There is a theory that does the rounds that people in communities like mine need everything dumbed down. People hear us talking about keeping things simple and automatically assume we mean simplistic. They hear us say words like accessible and think we mean less depth and less rigorous. I don’t know anybody working in places like ours who think these things.
When we say we want to make things simple, we mean straightforward. When we say we want things to be accessible, we mean using normal language and explaining what we mean. We don’t think our people can’t handle big words like hermeneutics or that we should never mention theologians like John Calvin or Matthew Henry. We just think, when we use certain words, we explain them and when we cite theologians we say who they are.
I mentioned a while ago that we were beginning a Theology Breakfast on Sunday mornings. We are only a couple of weeks in, but we have now completed our doctrine of scripture element of the course. In it, we have discussed issues such as the final authority in matters of faith and practice, the nature of revelation, theories of inspiration and basic hermeneutics. Nobody has struggled with understanding these things. We haven’t avoided big words nor have we dumbed anything down. We have just made sure that we have properly explained everything as we go through.
Just because we live in a deprived community does not mean that our people are stupid. Uneducated is also not the same as being stupid. Not having formal qualifications does not make somebody stupid either. My experience has been, when we explain things properly, people do not fail to grasp the concepts we are teaching. Most are more than able to understand biblical concepts and doctrines, so long as we explain the words many haven’t heard before and we properly outline what those things mean.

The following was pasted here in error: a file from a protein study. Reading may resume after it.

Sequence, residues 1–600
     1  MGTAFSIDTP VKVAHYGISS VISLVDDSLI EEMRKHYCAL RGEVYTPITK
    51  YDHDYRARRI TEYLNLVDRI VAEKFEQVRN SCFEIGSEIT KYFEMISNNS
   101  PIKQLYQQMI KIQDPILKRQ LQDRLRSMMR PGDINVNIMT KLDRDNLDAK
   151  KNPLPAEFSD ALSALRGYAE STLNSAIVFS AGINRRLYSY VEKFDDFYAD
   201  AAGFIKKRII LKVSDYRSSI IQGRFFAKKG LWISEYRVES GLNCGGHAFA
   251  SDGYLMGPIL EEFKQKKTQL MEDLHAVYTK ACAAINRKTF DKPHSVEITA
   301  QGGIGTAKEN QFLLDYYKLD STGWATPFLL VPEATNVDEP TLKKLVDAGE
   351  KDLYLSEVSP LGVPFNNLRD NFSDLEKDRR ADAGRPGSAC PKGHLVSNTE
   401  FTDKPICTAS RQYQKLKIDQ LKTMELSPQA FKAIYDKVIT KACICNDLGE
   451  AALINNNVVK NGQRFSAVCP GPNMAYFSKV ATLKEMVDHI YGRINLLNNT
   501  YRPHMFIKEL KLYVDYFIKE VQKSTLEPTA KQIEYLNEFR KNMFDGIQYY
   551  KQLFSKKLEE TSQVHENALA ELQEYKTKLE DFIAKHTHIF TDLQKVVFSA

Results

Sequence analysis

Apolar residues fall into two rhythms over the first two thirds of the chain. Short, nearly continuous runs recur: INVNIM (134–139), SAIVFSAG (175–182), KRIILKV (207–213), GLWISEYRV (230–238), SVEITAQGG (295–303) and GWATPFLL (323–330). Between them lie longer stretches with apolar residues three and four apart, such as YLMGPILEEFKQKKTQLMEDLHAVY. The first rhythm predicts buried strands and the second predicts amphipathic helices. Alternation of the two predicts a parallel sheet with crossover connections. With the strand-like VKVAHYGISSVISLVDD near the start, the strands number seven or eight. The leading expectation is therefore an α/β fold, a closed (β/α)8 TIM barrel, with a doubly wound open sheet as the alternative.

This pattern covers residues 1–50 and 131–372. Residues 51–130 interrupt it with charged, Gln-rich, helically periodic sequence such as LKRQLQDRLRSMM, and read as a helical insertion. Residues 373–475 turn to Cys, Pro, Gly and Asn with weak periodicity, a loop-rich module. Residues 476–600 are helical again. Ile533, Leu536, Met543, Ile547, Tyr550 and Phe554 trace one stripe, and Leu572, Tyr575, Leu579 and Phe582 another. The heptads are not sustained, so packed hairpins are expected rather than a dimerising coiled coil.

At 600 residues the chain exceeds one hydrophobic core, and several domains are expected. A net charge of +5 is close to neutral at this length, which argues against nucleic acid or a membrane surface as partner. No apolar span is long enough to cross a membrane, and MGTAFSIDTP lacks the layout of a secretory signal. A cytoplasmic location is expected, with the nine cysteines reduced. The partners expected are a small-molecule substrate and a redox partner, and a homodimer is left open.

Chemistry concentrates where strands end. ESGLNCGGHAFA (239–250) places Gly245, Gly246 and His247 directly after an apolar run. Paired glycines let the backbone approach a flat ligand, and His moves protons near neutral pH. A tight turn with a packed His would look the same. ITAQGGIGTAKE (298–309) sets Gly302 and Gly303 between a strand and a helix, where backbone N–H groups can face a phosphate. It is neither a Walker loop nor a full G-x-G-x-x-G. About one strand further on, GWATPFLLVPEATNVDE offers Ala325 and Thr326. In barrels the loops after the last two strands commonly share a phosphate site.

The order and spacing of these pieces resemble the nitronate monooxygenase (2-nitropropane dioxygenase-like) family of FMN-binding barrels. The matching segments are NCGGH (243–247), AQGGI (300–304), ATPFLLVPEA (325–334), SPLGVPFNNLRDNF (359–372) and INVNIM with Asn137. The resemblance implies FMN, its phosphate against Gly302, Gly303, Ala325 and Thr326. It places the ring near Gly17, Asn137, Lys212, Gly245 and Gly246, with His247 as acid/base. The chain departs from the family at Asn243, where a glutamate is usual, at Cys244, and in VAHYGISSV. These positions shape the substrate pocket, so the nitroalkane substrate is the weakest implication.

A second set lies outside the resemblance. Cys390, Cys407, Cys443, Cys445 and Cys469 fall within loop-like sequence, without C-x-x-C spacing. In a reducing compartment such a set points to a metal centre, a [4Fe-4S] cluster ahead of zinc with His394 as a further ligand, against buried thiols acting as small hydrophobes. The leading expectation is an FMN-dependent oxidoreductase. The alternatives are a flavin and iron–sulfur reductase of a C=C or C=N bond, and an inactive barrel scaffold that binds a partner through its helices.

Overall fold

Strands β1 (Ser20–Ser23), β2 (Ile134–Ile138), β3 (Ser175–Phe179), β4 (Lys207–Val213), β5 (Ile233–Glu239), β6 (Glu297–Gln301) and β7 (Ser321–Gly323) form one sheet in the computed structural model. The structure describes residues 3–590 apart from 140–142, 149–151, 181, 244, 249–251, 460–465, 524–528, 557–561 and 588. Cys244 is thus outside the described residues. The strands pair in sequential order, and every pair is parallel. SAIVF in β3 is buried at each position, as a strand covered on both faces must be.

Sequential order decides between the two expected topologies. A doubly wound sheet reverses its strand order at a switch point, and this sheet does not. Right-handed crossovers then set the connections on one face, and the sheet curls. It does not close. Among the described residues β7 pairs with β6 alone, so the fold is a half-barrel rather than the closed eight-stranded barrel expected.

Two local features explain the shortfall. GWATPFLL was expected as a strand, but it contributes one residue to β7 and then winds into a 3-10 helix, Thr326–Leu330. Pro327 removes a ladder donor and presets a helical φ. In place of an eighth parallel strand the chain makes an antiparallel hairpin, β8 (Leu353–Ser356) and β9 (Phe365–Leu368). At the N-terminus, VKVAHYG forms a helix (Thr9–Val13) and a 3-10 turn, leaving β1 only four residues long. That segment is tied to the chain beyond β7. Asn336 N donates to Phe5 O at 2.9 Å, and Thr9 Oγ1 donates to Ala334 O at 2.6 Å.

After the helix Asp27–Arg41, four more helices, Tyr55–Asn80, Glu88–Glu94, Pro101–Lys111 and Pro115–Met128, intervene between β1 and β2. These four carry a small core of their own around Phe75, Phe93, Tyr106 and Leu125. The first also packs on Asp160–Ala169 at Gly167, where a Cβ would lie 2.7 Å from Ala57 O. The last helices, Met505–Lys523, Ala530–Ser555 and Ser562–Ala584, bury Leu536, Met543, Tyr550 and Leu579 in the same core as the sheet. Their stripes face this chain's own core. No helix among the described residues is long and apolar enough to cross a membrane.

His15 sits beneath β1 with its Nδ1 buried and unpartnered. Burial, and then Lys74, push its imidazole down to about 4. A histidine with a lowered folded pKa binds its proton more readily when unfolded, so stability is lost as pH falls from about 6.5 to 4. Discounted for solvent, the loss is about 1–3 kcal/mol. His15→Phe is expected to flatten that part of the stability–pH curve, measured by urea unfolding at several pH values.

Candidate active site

There can be a not so subtle bigotry of low expectations. “These people” cannot handle these things. We need to dumb everything down for them. Well, no we don’t. We just need to teach in a way that means they understand the concepts. They are no less capable of understanding biblical theology and systematics than anyone else. As with any teaching, we just need to pitch it right and help people understand it properly.
What I suspect we often see is not the failure of people to understand so much as the failure of our teaching programmes to adequately explain. The truth is, we can be very learned and use a lot of words, but in the end, if they aren’t learning and understanding, we aren’t really teaching. The failure isn’t on the part of those who don’t understand what we’re saying, it’s on the part of those teaching who haven’t made themselves properly understood.
Most of us would do well to make our preaching more simple and straightforward. That doesn’t mean simplistic, pointing out what is profoundly obvious and explaining what is understood by everyone. I just mean speaking plainly, straightforwardly, and making sure we speak in normal ways that connect with normal people. In the end, it is understanding that we are aiming for and we want our people to understand some big and sometimes complex ideas and concepts. More of then than not, they can access the ideas perfectly well so long as we teach it in ways that are understandable. All of us – whether in deprived places or not – need to wrestle with how well we are truly understood and whether we are being straightforward in what we teach.